Homo georgicus

Homo georgicus
Temporal range: Pleistocene
Dmanisi cranium D2700 (B).jpg
Skull D2700 (Replica)
Scientific classification
Species:H. georgicus
Binomial name
Homo georgicus
Vekua et al., 2002
Fossil skull from Dmanisi.

Homo georgicus is a species of Homo that was proposed in 2002. It is based on fossil skulls and jaws found in Dmanisi, Georgia in 1999 and 2001, which seem intermediate between Homo habilis and H. erectus.[1]

A partial skeleton was discovered in 2001. The fossils are about 1.8 million years old. The remains were first discovered in 1991 by Georgian scientist, David Lordkipanidze, accompanied by an international team which unearthed the remains. Implements and animal bones were found alongside the ancient human remains.

At first, scientists thought they had found mandibles and skulls belonging to Homo ergaster, but size differences led them to name a new species.


Location of discovery
Drawing of Dmanisi skull D-2282

Small skull

At around 600 cm³ brain volume, the skull D2700 is dated to 1.77 million years old and it is in good condition. The cranium was the smallest and most primitive Hominin skull ever discovered outside of Africa.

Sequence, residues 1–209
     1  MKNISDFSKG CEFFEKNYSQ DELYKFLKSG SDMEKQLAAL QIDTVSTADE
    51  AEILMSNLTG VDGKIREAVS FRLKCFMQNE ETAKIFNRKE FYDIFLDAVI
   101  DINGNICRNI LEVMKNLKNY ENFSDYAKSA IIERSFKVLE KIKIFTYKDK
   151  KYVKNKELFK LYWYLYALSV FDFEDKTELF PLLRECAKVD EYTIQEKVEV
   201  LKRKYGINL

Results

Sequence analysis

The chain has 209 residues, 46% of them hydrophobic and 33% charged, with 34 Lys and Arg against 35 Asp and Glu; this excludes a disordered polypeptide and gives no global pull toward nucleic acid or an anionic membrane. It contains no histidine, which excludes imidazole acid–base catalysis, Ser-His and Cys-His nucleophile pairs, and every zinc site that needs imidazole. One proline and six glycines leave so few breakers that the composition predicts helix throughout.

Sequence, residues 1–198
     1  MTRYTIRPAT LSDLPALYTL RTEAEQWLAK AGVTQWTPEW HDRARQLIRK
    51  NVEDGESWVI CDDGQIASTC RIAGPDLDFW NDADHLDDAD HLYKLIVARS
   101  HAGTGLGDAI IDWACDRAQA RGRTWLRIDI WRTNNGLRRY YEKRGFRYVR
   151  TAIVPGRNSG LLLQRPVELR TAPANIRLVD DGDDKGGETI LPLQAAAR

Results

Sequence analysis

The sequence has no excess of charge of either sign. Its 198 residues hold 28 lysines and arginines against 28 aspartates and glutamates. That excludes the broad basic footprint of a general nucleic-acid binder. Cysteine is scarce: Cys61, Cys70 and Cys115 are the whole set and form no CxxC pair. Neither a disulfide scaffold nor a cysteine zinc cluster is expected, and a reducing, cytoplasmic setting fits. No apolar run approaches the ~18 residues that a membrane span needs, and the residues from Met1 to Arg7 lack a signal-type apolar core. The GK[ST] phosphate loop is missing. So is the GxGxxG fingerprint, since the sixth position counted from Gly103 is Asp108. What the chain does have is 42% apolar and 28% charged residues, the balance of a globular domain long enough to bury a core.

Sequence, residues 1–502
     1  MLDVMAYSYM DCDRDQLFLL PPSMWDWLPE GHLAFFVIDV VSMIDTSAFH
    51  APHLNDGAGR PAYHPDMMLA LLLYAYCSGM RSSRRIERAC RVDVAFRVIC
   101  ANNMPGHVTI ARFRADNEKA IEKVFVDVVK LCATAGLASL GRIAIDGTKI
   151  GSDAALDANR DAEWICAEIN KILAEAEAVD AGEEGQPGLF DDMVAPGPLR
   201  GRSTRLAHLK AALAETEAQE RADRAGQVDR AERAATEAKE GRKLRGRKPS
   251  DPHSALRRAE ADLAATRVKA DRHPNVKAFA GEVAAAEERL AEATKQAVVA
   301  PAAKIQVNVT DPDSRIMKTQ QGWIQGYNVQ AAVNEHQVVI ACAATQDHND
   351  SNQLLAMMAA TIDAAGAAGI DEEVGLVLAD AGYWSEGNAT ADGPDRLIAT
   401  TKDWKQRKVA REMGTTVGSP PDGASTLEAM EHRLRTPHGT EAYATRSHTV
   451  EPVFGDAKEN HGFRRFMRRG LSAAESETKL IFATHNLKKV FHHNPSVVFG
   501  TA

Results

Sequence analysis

In Africa, the Australopithecines and early Homo represent two distinctive evolutionary paths sharing a common ancestor. In Georgia the specimens, with a brain half the size of anatomically modern humans, were the smallest found until the discovery of Homo floresiensis on the island of Flores in 2003.

There is a strong sexual dimorphism present, with males being significantly larger than females. This is a primitive trait, less obvious in more recent human species in Europe (i.e. Homo antecessor, Homo heidelbergensis and Homo neanderthalensis).

The small size of this species contrasts with the much larger size of Homo erectus. H. georgicus was the first species of Homo to settle in Europe, some 800,000 years before H. erectus.

Later, four fossil skeletons were found, showing a species primitive in its skull and upper body but with relatively advanced spines and lower limbs, providing greater mobility. They are now thought to represent a stage soon after the transition between Australopithecus and Homo erectus, and have been dated at 1.8 million years before the present.[2][3] The assemblage includes one of the largest Pleistocene Homo mandibles (D2600), one of the smallest Lower Pleistocene mandibles (D211), a nearly complete sub-adult (D2735), and a specimen without teeth (D3900).[4]

Other Languages
العربية: إنسان جورجيا
azərbaycanca: Homo georgicus
تۆرکجه: گورجو آدام
български: Homo georgicus
čeština: Homo georgicus
español: Homo georgicus
français: Homo georgicus
Bahasa Indonesia: Homo georgicus
italiano: Homo georgicus
ქართული: Homo georgicus
Lëtzebuergesch: Homo georgicus
Nederlands: Dmanisi-mensen
português: Homo georgicus
slovenčina: Človek gruzínsky
tarandíne: Homo georgicus
Türkçe: Homo georgicus
українська: Людина грузинська
Tiếng Việt: Homo georgicus